[Numpy-discussion] help creating a reversed cumulative histogram

josef.pktd@gmai... josef.pktd@gmai...
Thu Sep 3 12:48:15 CDT 2009


On Thu, Sep 3, 2009 at 12:58 PM, Tim
Michelsen<timmichelsen@gmx-topmail.de> wrote:
>> My first stop is usually wikipedia:
> [...]
> Thanks.
> So I I'known that I have to call the beast a
> "empirical inverse survival function", Robert would
> also have foundit easier to help.
> Anyway, step by step...
>
>> In the case of the weight of pigs, it would be to cumulative weight of
>> all pigs with a weight less than the given bin boundary weight.
>> If values were income, then it would be the aggregated income of all
>> individual with an income below the bin bin boundary.
>> So it makes sense, given this is what you want (below).
> Exactly!
>
> Or for precipitation:
> a) count: number of precipitation events that
>    ocurred up to a certain limit
> b) sum: precipitation total registered up to that limit
>
>> there might be a mistake in the treatment of a cell when
>> reversing, when I run your example the highest value is
>> not equal to values.sum()
> This has made me think again. Small point.
>
> See here:
> ecdf_sums = np.hstack([0.0, sums[0].cumsum() ])
> ecdf_sums = np.hstack([sums[0].cumsum() ])
>
> I had to adjust the classes in the spreadsheet by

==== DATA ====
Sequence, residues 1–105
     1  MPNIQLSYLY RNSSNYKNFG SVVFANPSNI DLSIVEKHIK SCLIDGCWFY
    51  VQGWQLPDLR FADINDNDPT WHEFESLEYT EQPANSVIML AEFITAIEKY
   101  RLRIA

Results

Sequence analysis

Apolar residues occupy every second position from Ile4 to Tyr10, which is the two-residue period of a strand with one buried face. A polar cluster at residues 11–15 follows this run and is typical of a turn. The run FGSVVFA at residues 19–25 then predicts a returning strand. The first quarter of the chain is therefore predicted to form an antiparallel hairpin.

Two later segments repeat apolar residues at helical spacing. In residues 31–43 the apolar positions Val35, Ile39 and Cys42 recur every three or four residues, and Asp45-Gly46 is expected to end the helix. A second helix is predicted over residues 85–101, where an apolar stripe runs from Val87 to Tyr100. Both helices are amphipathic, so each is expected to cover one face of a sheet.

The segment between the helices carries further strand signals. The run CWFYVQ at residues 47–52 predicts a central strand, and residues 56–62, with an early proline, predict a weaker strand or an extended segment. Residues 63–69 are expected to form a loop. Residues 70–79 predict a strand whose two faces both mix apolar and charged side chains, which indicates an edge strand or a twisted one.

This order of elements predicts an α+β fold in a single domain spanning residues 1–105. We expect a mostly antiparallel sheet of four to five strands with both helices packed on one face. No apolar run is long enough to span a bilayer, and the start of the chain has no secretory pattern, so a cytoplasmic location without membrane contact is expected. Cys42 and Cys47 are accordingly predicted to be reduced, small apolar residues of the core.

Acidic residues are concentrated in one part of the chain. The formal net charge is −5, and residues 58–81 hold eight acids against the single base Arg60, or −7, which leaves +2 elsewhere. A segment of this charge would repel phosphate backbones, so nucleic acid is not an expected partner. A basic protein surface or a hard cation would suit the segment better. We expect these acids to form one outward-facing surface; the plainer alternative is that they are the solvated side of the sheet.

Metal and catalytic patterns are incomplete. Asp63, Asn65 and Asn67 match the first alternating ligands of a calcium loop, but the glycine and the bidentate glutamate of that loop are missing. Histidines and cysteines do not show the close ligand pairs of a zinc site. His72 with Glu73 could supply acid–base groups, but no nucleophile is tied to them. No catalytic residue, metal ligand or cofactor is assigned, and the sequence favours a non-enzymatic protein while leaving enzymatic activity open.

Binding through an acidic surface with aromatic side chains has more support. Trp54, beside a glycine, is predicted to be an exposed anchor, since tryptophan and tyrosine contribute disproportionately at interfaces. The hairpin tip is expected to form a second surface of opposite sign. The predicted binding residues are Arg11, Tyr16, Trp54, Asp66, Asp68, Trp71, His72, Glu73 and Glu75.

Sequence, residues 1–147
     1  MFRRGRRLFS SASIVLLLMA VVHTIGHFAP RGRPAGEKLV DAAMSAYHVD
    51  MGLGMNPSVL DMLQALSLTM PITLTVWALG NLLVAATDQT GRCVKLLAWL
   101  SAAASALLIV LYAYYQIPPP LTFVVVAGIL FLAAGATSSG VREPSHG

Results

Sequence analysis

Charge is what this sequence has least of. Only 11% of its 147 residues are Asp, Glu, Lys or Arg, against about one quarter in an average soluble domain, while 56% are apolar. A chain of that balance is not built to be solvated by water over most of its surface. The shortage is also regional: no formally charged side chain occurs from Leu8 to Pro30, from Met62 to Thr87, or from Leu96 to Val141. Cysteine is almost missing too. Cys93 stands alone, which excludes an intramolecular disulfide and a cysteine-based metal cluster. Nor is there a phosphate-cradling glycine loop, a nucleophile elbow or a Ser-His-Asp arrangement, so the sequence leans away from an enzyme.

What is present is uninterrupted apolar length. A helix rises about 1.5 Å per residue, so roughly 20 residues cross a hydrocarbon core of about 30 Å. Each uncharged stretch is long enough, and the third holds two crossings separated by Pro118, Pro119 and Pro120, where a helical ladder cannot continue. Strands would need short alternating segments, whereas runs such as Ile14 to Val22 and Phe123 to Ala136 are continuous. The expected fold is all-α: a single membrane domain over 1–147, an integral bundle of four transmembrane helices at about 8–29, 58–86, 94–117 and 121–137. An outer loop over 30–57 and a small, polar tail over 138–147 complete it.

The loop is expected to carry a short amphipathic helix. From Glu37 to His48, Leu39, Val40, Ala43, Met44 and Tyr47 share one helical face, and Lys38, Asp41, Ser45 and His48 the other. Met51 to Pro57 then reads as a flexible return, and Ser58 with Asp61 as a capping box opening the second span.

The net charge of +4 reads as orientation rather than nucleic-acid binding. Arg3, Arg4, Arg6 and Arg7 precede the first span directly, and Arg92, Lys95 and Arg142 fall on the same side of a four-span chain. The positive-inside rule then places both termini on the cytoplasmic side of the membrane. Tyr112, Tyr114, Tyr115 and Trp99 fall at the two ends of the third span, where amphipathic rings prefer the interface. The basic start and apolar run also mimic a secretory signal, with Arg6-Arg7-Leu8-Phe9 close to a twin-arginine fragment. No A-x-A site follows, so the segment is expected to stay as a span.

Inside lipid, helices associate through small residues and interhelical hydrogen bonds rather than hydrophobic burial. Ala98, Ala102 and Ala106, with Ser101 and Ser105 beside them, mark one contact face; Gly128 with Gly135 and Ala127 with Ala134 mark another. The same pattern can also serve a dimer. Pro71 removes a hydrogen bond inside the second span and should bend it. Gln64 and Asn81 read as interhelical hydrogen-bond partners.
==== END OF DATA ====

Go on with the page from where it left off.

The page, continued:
> replacing the first class limit by 0.0.
> I had modifed this yesterday to a different value
> (0.265152) as I was testing the code.
>
> from:
> 0.265152, 0.487273, 0.709394, 0.931515,
> 1.153636, 1.375758, 1.597879, 1.820000,
> 2.042121, 2.264242, 2.486364
>
> to:
> 0.0, 0.487273, 0.709394, 0.931515,
> 1.153636, 1.375758, 1.597879, 1.820000,
> 2.042121, 2.264242, 2.486364
>
> Now everything is fine. Results and curves match.
>
>> But I'm not sure yet, what's going on.
> 1) first I didn't know how to develop the code for a
>    "empirical inverse survival function" in numpy
> 2) I screwed my spreadsheet classes up while
>    testing and verifying my numpy code.
>
> Again, would a function for the
> "empirical inverse survival function" qualify for the
> inclusion into numpy or scipy?

Sorry, I'm too distracted, correcting myself a second time
 "this should *not* have inverse in it, using inverse was a cut and paste error"
it's  empirical survival function

If it's just a one-liner with cumsum, then I don't think its necessary
to have a function for it.

But following also the previous discussion, it would be useful to have
the combination of histogram and empirical cdf, sf, and/or pdf to
define an empirical distribution. As interpretation in terms of
distribution, normed=True would be necessary, but it could also be an
option.

One question to your application, in the plot you draw lines and not
histograms. Is there a reason to use histograms in the calculation
instead of the full ecdf. (i.e. cumsum on original values instead of
cumsum on histogrammed values) ?

Josef


>
> Thanks for the help.
>
> Best regards,
> Timmie
>
>
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